Title: Hungry

Author: Grace Dent

Pages: 304 Pages

Publisher: Harper Collins

The Blurb

From Frazzles to Foie Gras: a memoir of wanting more.

From an early age, Grace Dent was hungry. As a little girl growing up in Currock, Carlisle, she yearned to be something bigger, to go somewhere better.

Hungry traces Grace’s story from growing up eating beige food to becoming one of the much-loved voices on the British food scene. It’s also everyone’s story – from treats with your nan, to cheese and pineapple hedgehogs, to the exquisite joy of cheaply-made apple crumble with custard. It’s the high-point of a chip butty covered in vinegar and too much salt in the school canteen, on an otherwise grey day of double-Maths and cross country running. It’s the real story of how we have all lived, laughed, and eaten over the past 40 years.

Warm, funny and joyous, Hungry is also about love and loss, the central role that food plays in all our lives, and how a Cadbury’s Fruit ‘n’ Nut in a hospital vending machine can brighten the toughest situation.

The Review:

People will know Grace Dent as the no-nonsense northern food critic often seen on Masterchef or panel shows. If, like me, you are a fan of Grace Dent, you may have read her previous work about trying to leave Twitter – I love you, Dent, but it didn’t stop me using it. If you are a fan you may have recently picked up her autobiography – Hungry and if you are not a fan then you should, most definitely pick up a copy of Hungry.

Grace Dent has lived a very normal yet inspiring life. You could call it a rags to reasonable income story (I think even Dent would stop at saying riches) but it hasn’t fallen into her lap. Yes she has had some lucky breaks but all of her chances seem to have been born of hard work. She has put in the graft. As a fellow northerner you see an unwavering sense of “you get what you work for” mentality. An innate life ethos that comes from being working class and it is a mentality to take pride in.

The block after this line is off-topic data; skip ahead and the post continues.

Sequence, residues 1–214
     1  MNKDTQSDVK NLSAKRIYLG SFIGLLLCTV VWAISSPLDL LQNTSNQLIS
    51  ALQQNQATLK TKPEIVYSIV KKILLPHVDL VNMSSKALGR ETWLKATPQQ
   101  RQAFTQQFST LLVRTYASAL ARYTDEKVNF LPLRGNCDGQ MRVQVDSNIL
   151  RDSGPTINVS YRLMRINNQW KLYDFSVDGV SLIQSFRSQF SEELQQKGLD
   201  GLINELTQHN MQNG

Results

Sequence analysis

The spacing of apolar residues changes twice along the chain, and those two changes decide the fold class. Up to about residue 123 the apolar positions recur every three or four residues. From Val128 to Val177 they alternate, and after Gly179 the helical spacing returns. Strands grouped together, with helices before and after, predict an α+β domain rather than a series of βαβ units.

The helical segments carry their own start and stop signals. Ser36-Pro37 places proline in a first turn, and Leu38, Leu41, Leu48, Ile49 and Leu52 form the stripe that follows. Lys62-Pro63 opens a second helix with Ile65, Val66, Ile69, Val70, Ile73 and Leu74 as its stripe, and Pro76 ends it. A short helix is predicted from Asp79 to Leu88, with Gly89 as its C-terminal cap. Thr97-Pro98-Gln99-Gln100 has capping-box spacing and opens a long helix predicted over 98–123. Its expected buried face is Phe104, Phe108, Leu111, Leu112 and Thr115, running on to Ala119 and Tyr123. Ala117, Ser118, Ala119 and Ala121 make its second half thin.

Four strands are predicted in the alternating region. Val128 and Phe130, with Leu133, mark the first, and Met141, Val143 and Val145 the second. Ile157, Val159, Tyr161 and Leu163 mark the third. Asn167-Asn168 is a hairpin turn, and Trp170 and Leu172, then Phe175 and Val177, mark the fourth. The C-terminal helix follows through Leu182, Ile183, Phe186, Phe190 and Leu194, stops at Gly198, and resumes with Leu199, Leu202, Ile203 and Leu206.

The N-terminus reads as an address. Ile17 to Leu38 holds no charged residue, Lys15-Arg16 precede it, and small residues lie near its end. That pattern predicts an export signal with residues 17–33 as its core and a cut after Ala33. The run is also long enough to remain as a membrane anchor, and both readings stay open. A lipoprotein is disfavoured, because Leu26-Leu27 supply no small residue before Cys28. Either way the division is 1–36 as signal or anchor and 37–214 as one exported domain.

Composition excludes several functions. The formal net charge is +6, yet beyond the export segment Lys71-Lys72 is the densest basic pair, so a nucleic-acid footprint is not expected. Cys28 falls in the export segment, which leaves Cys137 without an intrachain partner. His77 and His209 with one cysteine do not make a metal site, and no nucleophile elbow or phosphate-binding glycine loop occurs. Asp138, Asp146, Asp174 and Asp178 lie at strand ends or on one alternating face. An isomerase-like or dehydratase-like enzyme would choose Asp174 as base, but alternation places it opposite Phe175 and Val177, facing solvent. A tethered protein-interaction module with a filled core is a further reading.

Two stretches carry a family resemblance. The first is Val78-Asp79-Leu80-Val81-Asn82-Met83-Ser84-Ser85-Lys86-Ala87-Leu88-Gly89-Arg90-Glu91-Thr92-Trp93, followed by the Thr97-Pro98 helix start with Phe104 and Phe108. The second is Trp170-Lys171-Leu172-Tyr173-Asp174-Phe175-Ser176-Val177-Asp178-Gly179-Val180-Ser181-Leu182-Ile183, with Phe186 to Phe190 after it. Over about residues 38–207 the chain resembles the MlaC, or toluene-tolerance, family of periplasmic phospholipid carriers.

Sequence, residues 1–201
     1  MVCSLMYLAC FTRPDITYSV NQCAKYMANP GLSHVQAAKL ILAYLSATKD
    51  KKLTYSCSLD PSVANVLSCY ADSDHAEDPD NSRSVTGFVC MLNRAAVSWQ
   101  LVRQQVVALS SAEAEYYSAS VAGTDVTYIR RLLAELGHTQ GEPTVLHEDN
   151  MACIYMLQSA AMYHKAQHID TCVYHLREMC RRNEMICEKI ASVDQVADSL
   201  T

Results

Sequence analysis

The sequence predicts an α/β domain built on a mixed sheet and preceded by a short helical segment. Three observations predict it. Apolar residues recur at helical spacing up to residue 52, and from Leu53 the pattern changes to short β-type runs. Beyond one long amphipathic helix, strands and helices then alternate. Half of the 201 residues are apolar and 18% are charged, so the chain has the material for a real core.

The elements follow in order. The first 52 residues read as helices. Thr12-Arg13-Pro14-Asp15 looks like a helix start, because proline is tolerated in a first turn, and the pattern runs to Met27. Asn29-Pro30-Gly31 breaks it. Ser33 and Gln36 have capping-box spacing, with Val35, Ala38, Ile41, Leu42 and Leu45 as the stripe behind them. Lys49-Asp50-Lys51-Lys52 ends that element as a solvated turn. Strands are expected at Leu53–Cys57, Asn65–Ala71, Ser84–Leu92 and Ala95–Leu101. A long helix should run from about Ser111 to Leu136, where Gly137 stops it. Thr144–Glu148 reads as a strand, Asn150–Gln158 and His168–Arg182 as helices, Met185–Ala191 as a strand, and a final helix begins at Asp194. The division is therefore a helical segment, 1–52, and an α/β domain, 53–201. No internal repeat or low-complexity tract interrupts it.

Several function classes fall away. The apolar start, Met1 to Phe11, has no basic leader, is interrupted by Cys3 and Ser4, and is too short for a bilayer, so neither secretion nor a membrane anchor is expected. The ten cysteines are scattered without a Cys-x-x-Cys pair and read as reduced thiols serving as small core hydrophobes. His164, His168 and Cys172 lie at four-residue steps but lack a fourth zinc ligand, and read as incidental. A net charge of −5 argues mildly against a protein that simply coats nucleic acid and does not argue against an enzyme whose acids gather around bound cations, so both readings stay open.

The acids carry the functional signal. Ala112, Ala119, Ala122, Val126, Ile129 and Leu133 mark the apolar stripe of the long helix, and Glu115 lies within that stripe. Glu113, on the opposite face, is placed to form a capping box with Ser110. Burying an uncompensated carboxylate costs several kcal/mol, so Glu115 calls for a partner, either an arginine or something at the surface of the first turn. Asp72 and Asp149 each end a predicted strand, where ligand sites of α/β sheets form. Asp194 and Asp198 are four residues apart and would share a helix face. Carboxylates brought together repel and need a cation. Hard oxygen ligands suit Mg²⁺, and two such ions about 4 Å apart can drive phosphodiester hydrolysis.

The title Hungry is very fitting. Every time Dent mentioned a food staple from her childhood my mouth filled with saliva and reading the book left me with a hankering for Findus Crispy Pancakes – I’ve not been able to find them, I’ve had to settle for Bird’s Eye.

Overall, Dent uses food to show how the staple of our everyday lives combined with the love of our family creates a sense of comfort and how evocative food can be at drawing out memories.

A wonderful autobiography.

Hungry by Grace Dent is available now.

For more information regarding Grace Dent (@gracedent) please visit her Twitter page.

For more information regarding Harper Collins (@HarperCollinsUK) please visit the Twitter page.

Title: Behind the Sequins – My Life

Author: Shirley Ballas

Pages: 352 Pages

Publisher: Random House

The Blurb

Leave it all on the floor…